Generally, the IRS can include returns filed within the last three years in an audit. If the IRS identifies a substantial error, it will add additional years to the audit. If an audit is not resolved, the IRS may request extending the statute of limitations for assessment tax. The statute of limitations limits the time allowed to assess additional tax. It is generally three years after a return is due or was filed, whichever is later. There is also a statute of limitations for making refunds. Extending the statute gives the taxpayer more time to provide further documentation to support your position; request an appeal if you do not agree with the audit results; or to claim a tax refund or credit. It also gives the IRS time to complete the audit and provides time to process the audit results.

What if you never file a return or file a fraudulent tax return? The statute of limitations never runs out. The IRS has no time limit if you never file a return or if the IRS can prove civil or criminal fraud. Some states have the same three- and six-year statutes as the IRS. But some set their own time clocks, giving themselves even more time to assess extra taxes. In California, for example, the basic tax statute of limitations is four years. However, if the IRS adjusts your federal return, you are obligated to file an amended return in California. If you don't, the California statute of limitation will never runs out.

​Filing a fraudulent return can result in fines up to $250,000 for an individual or $500,000 for a corporation and up to 3 years in jail along with the cost of prosecution for high dollar tax fraud. For lower dollar tax fraud you can face penalties of as much as $5,000 or 100% of the unpaid tax.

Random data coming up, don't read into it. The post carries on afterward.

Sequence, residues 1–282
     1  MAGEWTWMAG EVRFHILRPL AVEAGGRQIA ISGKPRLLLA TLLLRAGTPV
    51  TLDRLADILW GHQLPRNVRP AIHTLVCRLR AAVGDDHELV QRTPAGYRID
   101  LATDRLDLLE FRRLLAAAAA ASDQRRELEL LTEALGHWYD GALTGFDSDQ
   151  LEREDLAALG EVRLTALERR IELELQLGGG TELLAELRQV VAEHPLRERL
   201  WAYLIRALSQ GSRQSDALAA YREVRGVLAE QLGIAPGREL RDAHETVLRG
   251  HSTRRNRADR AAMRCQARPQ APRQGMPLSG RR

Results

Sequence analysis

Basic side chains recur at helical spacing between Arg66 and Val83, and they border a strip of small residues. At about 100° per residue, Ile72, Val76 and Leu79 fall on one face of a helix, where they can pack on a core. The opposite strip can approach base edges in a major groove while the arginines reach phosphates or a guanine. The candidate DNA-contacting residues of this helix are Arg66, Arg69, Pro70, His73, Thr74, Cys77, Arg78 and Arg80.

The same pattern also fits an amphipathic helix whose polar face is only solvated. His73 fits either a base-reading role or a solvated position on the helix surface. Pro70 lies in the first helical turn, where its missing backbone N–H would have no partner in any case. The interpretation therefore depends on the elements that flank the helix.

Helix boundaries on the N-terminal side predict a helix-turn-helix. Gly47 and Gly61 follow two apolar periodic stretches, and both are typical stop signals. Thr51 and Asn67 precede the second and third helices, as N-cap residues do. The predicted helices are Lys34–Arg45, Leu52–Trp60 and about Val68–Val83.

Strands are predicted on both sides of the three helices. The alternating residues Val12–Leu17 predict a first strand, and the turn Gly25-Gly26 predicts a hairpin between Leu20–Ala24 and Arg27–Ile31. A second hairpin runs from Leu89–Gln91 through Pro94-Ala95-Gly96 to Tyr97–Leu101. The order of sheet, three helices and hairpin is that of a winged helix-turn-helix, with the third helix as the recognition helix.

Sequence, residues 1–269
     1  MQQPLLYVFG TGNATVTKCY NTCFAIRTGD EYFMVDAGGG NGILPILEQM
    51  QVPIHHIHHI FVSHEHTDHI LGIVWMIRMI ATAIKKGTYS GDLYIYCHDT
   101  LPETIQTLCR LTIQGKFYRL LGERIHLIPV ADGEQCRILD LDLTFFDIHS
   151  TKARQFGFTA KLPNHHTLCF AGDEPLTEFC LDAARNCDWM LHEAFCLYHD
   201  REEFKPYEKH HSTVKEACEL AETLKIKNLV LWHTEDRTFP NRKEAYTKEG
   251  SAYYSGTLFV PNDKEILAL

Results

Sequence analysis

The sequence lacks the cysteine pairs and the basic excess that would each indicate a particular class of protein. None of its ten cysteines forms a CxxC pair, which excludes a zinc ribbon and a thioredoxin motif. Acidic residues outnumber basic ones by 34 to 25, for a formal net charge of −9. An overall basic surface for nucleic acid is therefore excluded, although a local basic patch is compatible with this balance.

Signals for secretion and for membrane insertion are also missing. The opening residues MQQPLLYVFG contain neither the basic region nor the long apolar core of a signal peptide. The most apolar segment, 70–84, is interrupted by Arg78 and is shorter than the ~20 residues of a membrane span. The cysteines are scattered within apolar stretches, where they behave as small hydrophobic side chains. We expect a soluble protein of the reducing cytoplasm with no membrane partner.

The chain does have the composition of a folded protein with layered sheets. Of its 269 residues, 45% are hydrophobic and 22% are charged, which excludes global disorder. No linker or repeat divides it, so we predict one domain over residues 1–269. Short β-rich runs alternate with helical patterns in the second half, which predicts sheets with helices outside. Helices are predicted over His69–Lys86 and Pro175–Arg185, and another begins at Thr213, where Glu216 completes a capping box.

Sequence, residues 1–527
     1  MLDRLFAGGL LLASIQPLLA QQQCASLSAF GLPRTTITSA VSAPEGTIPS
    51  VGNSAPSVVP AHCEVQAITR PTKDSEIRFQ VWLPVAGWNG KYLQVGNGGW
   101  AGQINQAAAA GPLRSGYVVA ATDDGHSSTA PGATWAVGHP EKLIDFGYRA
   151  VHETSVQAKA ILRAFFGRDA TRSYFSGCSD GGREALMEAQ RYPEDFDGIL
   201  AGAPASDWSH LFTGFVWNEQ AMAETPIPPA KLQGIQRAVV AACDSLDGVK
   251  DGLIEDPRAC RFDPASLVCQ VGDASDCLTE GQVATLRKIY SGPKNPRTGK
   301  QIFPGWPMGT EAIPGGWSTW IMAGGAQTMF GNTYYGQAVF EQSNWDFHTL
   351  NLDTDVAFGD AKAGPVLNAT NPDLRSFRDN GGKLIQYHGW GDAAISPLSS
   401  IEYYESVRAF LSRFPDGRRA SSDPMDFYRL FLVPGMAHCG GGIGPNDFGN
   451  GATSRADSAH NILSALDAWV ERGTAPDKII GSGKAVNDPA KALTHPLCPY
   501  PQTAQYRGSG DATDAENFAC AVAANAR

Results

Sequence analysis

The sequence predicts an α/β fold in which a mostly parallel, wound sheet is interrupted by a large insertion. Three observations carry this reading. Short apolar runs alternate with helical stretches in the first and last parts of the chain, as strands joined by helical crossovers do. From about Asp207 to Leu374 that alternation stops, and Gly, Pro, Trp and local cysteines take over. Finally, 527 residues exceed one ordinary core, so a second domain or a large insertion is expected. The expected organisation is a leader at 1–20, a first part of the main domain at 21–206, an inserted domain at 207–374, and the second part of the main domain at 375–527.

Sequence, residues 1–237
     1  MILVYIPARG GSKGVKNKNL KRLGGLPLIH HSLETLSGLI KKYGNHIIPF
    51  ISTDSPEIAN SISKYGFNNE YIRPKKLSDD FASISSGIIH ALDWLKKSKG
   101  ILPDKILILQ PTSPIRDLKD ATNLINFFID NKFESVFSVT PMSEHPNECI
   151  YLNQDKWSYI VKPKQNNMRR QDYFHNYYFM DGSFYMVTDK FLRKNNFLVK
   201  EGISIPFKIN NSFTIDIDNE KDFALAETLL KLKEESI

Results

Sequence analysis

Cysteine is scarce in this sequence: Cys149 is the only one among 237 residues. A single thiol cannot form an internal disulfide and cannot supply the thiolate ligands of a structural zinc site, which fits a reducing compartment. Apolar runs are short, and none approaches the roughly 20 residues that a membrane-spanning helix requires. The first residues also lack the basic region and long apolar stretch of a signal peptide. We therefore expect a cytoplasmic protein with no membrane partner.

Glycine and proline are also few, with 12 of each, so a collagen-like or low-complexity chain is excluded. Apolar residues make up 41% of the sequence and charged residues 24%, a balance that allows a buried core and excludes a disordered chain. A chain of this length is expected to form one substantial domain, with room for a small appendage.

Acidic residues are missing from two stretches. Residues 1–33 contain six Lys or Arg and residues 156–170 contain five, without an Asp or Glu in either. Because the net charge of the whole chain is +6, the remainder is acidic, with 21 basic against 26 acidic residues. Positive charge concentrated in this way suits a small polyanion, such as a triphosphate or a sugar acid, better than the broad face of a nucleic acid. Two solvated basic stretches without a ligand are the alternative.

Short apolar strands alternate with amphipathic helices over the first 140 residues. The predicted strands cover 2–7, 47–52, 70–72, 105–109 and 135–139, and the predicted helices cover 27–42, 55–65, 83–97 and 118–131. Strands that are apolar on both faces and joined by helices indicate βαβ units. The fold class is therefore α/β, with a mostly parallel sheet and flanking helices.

Last year, 2,105 criminal tax convictions were made and 1,810 taxpayers were incarcerated. Although civil penalties are normally assessed, in some cases, a taxpayer could experience criminal charges, fines and jail time. In rare cases, IRS auditors, or Revenue Agents, could report you to the Internal Revenue Service Criminal Investigation Unit. Whenever your case is handed over to the Criminal Investigation Department, other enforcement actions are typically paused. Click on this link for  Related Statutes and Penalties - General Fraud on the IRS website. Common criminal penalties and/or consequences are presented below.
"The vast majority of websites discussing licensing and tax exposure emphasize compliance moving forward. The biggest risk is for cannabis businesses that have not properly filed their prior year tax returns or understated their income. Under the California Freedom of Information Act our firm has been able to obtain the names, addresses and the size of operation the licensee intends to operate. If we can get that information so can the IRS."

The Penalties Can Be Crushing

Failing to File a Tax Return (Not Filing) Penalty or Charge

This is a misdemeanor, and normally civil tax penalties are assessed, instead of criminal. Although unlikely, you could face up to 1 year in jail and $25,000 in fines for each year you failed to file. One thing to note is that you can only face criminal charges for not filing a tax return (with civil penalties there is no time limit) if it was due no more than six years ago. As long as you file before the IRS contacts you, you are in the clear. This charge is more common than the former because the IRS only has to prove that you did not intend to file.

Filing a Fraudulent Return Penalty or Charge

This is a felony, and a form of fraud. This is more common than tax evasion simply and less severe. It carries up to 3 years in prison, and up to $250,000 in fines for individuals and $500,000 for corporations.

Tax Evasion Penalty or Charge

This is a type of criminal felony whereby a taxpayer willfully uses illegal means to conceal or misrepresent financial details in order to evade tax laws and avoid paying taxes. If convicted, tax evasion carries up to 5 years in jail and up to $250,000 in fines for individuals and $500,000 for corporations. This is different than filing a false tax return.

Willfully Failing to Pay Estimated Taxes or Keep Records

This is a misdemeanor, and normally civil tax penalties are assessed, instead of criminal. Although unlikely, you could face up to 1 year in jail and $100,000 in fines for individuals and $200,000 for corporations.